SEOUL -- The Supreme Court of South Korea has upheld a 17-year prison sentence for Lee Myung-bak, the country's fourth president to be convicted of crimes after leaving office.
The court ruled Thursday that Lee had received 8.9 billion won ($7.85 million at current rates) in bribes from Samsung Electronics, in the form of legal fees for a settlement involving an auto parts maker essentially owned by the former president. In exchange, he pardoned Lee Kun-hee, the Samsung Electronics chairman who had been convicted of tax evasion, the court said.
"The rule of law has collapsed," Lee said after the sentencing. "I am concerned about the country's future."
The string of disgraced ex-presidents is attributed partly to the extensive authority granted to those in the post, which opens opportunities for corruption. But South Korea's powerful prosecutors also are alleged to play a role by aiding the country's administrations with political retribution.
Critics say part of the problem is that South Korea's presidents, who are also the commander-in-chief of the military and can appoint key government officials, wield too much power. The country's progressive and conservative factions have a bitter rivalry, and administrations tend to look aggressively into possible improprieties by predecessors from the opposing side. South Korean prosecutors, who control the country's criminal investigations, often side with the sitting president.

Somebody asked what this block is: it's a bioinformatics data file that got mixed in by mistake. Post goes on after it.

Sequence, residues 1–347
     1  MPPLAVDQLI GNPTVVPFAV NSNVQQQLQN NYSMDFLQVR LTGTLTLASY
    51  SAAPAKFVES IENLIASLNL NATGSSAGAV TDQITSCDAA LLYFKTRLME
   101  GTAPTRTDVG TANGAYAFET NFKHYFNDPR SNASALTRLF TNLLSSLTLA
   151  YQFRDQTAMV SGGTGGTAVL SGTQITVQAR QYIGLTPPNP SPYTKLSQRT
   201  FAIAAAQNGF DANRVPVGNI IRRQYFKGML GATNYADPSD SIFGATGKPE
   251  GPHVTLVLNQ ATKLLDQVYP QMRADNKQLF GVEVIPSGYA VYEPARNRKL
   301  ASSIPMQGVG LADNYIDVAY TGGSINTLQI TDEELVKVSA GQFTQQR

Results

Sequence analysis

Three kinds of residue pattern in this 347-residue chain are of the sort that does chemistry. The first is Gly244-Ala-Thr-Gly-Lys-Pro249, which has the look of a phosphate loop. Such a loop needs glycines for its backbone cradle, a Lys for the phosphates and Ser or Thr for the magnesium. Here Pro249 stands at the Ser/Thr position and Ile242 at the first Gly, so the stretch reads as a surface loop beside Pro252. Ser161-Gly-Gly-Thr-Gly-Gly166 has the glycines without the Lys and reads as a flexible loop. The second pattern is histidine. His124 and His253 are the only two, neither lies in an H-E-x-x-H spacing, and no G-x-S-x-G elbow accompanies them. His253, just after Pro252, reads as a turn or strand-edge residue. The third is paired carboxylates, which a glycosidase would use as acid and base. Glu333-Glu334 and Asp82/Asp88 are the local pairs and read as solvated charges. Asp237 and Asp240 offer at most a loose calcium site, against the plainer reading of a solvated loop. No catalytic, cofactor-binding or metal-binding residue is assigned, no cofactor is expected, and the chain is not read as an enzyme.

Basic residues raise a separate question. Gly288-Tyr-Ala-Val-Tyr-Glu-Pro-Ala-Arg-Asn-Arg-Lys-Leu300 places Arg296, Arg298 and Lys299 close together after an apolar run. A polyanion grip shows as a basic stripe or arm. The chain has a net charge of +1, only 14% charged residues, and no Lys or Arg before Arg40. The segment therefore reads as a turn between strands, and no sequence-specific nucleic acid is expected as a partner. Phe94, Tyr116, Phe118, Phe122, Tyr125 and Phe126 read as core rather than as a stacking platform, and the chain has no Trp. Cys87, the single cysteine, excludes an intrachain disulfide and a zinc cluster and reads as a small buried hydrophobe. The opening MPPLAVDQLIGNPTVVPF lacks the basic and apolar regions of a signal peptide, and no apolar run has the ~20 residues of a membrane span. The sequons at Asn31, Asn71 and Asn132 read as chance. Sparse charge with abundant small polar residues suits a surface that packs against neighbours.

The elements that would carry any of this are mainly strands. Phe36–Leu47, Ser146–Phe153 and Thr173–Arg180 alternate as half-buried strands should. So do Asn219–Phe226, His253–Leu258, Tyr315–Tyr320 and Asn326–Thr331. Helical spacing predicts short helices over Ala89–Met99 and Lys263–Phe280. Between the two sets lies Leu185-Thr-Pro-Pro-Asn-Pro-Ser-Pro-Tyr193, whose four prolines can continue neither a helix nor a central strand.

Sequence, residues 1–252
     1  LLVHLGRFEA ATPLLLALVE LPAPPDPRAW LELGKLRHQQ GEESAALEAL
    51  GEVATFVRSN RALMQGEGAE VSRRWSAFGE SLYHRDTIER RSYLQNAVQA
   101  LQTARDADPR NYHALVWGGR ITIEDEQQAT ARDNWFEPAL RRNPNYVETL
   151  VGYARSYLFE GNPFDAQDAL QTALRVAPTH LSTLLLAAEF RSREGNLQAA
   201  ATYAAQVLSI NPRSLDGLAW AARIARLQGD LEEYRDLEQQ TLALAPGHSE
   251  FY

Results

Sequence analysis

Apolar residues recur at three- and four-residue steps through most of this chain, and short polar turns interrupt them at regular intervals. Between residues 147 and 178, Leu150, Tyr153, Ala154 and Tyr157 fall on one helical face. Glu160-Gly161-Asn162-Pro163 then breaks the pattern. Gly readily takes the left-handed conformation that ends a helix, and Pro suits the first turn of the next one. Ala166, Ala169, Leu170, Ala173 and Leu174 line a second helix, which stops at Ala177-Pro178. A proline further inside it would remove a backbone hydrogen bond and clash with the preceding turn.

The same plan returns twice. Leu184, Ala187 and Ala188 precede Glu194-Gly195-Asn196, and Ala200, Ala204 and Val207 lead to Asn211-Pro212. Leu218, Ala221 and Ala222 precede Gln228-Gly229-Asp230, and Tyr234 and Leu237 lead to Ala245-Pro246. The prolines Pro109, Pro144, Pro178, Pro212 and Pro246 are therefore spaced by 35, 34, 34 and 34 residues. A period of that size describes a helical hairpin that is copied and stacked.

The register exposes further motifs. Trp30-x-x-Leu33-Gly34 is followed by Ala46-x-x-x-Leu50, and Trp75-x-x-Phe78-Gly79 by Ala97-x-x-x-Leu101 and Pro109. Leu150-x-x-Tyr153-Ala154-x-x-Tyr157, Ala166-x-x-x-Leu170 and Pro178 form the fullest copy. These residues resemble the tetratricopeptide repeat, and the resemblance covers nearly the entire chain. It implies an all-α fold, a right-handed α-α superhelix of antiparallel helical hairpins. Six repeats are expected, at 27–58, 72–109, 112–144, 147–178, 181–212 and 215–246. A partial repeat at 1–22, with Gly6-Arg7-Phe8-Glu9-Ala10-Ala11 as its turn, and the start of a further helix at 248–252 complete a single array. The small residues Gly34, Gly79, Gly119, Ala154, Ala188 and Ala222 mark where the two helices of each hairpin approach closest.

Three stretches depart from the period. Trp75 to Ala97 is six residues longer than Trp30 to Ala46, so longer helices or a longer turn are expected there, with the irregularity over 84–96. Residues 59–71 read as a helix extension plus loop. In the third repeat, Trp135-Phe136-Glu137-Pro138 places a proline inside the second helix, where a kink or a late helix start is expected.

Former President Roh Moo-hyun, a progressive, committed suicide after becoming embroiled in a corruption probe during the presidency of Lee, a conservative. Lee himself was arrested in March 2018 as current President Moon Jae-in, who considers Roh his political mentor, solidified his grip on the government. Moon's immediate predecessor, the conservative Park Geun-hye, has been sentenced to prison as well.
Reforming South Korea's prosecution system is one of Moon's policy priorities. The country soon will create an office tasked with investigating high-ranking government officials, including former presidents, a move designed to curb the power held by prosecutors.
But many question whether the new office can keep its investigations free of politics. For one, its head will be appointed by the president via a parliamentary nominating committee.